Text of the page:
“The mines up there had gone busted, and the heirs started selling everything off,” says Horner. “I bought that old hotel for $125 and started tearing it apart. Took me 30 days. I had to throw some of the wood away ‘cause the bugs had eaten it up. Sold part of it to get some of my money back, too. I quarried the stone for the foundation and made the windows and the doors. By the time I had the walls up and black felt on the roof, I had $65 in that house. ‘Bout all I had to buy was nails!”
If you’re getting the notion that Gene Horner knows something about (1) working with wood and (2) making do, you’re on the right track. For nearly 15 years after he and Anne Lawson got married in 1957, Horner earned his living as a cabinetmaker. For 18 months during the same period, he also tried “public works,” hiring out as a forklift operator for the Civil Defense office in Rockwood. He quit just in time to come down with a ruptured appendix.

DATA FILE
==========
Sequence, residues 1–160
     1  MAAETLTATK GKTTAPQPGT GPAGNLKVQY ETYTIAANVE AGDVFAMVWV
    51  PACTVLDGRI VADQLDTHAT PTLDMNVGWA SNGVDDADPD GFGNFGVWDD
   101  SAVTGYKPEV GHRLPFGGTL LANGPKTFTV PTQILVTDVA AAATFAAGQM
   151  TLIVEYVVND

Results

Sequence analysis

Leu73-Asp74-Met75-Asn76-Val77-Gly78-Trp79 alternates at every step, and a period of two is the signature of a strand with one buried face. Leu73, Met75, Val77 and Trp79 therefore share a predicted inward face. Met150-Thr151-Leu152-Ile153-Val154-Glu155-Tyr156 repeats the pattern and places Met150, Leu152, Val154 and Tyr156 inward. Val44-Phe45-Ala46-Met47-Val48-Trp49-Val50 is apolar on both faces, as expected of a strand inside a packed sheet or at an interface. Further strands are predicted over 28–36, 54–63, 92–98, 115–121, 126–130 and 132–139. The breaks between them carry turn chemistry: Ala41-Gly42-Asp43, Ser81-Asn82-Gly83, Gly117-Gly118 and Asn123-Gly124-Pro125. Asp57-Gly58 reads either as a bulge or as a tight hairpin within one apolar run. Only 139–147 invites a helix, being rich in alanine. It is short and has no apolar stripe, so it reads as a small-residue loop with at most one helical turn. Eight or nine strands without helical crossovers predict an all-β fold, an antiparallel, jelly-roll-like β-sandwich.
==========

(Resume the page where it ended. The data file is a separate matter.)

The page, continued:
“My wife was about to have a baby, I had a new car to pay for, we had no money, and I couldn’t work for three months,” he sighed. “When you’re up to your neck in alligators like that, you better make friends with the alligators! I drew a little unemployment check for awhile. It wasn’t much, but it kept us going ‘till I could get back on my feet.”
Horner’s fortunes were indeed about to change. Not quickly, for sure. In fact, more years of cabinetmaking would pass before he could devote full time to a different type of woodworking. But the change did come. So did the customers.